Spiced chicken madrooba
Prep Cook Serves 40 min 3 hr 20 min 8
1 whole chicken (about 1.4kg)
5 onions, 1 peeled and cut into 4 wedges, 2 peeled and finely chopped and 2 peeled and thinly sliced
1 head garlic, halved widthways, plus 8 cloves, peeled and crushed
2 cinnamon sticks Salt and black pepper
165ml olive oil 2½cm piece fresh ginger, peeled and finely grated
4 green chillies,
3 finely chopped seeds and all,
1 thinly sliced
1 tbsp ground cinnamon
1 tbsp ground cumin 1 tbsp ground coriander
1½ tsp turmeric 7-8 plum tomatoes, coarsely grated and skins discarded (600g net weight) 2½ tbsp tomato paste
30g coriander leaves, roughly chopped
30g parsley leaves, roughly chopped 30g dill leaves, roughly chopped 300g jareesh or 150g coarse bulgur wheat, washed until the water runs clear 2 tbsp lemon juice 500g swiss chard, stems discarded and leaves roughly shredded (320g) 1½ tsp aleppo chilli flakes (or ¾ tsp if using a spicier variety), to garnish
This is an epic dish in the best sense of the word. Yes, it takes a bit of effort, both in prep and in beating the chicken and cracked wheat, but the result will surprise, delight and fill you up. The word hails from the Gulf and translates as “beaten”. is a form of ground wheat that can be found in Middle Eastern stores, but you can also use coarse bulgur wheat. Any leftovers keep well in the fridge and can be reheated another day.
Jareesh madrooba Put the chicken, onion wedges, head of garlic, cinnamon sticks, two litres of water and two teaspoons of salt in a large stockpot for which you have a lid. Bring to a boil on a medium-high heat, skimming off the froth as you go, then turn down the heat to medium-low, cover and leave to simmer gently for 80 minutes, or until the chicken is falling off the bone. Transfer the chicken to a bowl, then roughly pull the meat off the bone, shredding it as you go and discarding the skin, cartilage and bones. Strain the stock into a second pan and discard the solids.
Measure out 1.7 litres if you are using jareesh or 1.2 litres if you are using bulgur (save any extra stock for another use). On a medium-high flame, heat four tablespoons of oil in a large, heavy-based cast-iron pot for which you have a lid. Add the chopped onion and fry, stirring occasionally, for 12 minutes, until softened and deeply browned. Add the ginger, chopped chillies and two-thirds of the crushed garlic, cook for another minute, then stir in the spices, tomatoes, tomato paste, two-thirds of the herbs, two and a quarter teaspoons of salt and a good grind of pepper, and cook for seven minutes, or until thickened.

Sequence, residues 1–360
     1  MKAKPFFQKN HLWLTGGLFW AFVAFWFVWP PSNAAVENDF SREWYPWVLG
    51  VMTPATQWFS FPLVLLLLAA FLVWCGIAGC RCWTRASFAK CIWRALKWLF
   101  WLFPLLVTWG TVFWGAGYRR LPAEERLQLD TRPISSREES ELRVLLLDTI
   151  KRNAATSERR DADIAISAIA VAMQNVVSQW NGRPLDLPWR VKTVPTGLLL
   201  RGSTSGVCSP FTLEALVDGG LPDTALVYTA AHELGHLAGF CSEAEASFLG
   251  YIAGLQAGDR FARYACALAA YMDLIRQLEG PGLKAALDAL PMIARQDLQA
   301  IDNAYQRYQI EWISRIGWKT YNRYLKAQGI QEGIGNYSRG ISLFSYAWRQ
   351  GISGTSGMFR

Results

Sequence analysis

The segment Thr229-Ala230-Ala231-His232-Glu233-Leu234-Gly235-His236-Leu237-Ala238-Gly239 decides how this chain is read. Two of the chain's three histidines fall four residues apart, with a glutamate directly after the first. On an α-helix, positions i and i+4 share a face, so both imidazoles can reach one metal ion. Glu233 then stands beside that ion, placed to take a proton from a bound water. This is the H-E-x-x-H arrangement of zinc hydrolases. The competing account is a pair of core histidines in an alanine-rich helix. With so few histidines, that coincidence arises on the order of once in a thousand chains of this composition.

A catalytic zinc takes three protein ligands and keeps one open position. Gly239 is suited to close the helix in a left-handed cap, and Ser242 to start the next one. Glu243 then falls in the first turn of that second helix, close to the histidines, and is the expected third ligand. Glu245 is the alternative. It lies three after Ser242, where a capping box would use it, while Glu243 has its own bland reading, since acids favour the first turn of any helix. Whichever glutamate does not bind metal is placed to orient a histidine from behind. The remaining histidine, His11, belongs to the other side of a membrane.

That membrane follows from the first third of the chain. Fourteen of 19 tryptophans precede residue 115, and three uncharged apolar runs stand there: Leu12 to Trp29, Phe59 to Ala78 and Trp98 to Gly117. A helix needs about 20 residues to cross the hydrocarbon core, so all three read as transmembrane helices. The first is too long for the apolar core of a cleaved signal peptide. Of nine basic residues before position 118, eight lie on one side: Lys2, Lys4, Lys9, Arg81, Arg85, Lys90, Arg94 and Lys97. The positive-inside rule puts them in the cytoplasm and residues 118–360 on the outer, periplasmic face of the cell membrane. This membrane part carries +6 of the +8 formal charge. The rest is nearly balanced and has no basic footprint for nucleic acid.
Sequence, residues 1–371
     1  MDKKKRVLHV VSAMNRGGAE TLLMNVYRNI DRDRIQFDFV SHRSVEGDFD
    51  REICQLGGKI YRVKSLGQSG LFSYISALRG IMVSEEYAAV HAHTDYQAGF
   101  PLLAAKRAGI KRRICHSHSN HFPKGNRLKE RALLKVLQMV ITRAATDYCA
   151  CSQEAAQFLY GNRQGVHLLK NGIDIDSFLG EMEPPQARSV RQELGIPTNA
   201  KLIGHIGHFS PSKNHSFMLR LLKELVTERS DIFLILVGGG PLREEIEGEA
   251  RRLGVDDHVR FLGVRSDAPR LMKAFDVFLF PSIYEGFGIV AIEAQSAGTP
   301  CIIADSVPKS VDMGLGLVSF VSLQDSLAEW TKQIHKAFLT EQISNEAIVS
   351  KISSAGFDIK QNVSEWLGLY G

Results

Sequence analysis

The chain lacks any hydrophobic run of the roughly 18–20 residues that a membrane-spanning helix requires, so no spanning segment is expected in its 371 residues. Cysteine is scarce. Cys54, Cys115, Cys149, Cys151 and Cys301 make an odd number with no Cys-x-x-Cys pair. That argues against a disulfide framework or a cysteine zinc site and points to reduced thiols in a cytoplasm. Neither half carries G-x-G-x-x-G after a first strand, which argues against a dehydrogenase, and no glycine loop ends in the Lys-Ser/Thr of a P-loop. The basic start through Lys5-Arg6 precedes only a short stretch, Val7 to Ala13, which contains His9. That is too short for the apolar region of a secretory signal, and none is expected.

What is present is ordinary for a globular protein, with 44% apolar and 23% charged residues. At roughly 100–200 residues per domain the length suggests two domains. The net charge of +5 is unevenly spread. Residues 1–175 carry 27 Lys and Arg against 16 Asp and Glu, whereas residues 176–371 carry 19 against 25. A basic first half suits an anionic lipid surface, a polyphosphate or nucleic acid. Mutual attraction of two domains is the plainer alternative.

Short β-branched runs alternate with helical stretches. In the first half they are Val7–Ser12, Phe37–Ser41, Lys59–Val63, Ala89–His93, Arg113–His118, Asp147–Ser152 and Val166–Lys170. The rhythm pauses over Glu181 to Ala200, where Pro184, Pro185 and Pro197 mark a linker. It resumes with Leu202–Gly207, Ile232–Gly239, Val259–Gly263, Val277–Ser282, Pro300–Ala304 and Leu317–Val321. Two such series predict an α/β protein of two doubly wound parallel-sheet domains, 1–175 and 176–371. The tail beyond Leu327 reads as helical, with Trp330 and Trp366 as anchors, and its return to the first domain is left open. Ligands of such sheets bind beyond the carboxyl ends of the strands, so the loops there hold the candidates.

Add the jareesh or bulgur, shredded chicken and stock, and bring to a boil. Turn the heat to its lowest setting, cover the pot and cook, stirring occasionally, for an hour, or until the liquid has been absorbed and the wheat has cooked through. Off the heat, whisk the mix vigorously for 10 minutes, until it resembles porridge, then stir in the remaining herbs and lemon juice.
Meanwhile, heat three tablespoons of oil in a large saute pan on a medium heat. Fry the sliced onion, stirring occasionally, for about 30 minutes, or until caramelised. Turn the heat to medium-high, add the remaining crushed garlic and cook for one minute. Stir in the chard in batches, add a third of a teaspoon of salt and a good grind of pepper, and cook for three more minutes, until wilted.
To serve, spoon the madrooba into a large, shallow serving bowl. Top with the chard mixture, sliced chilli, remaining four tablespoons of oil and a sprinkling of chilli flakes.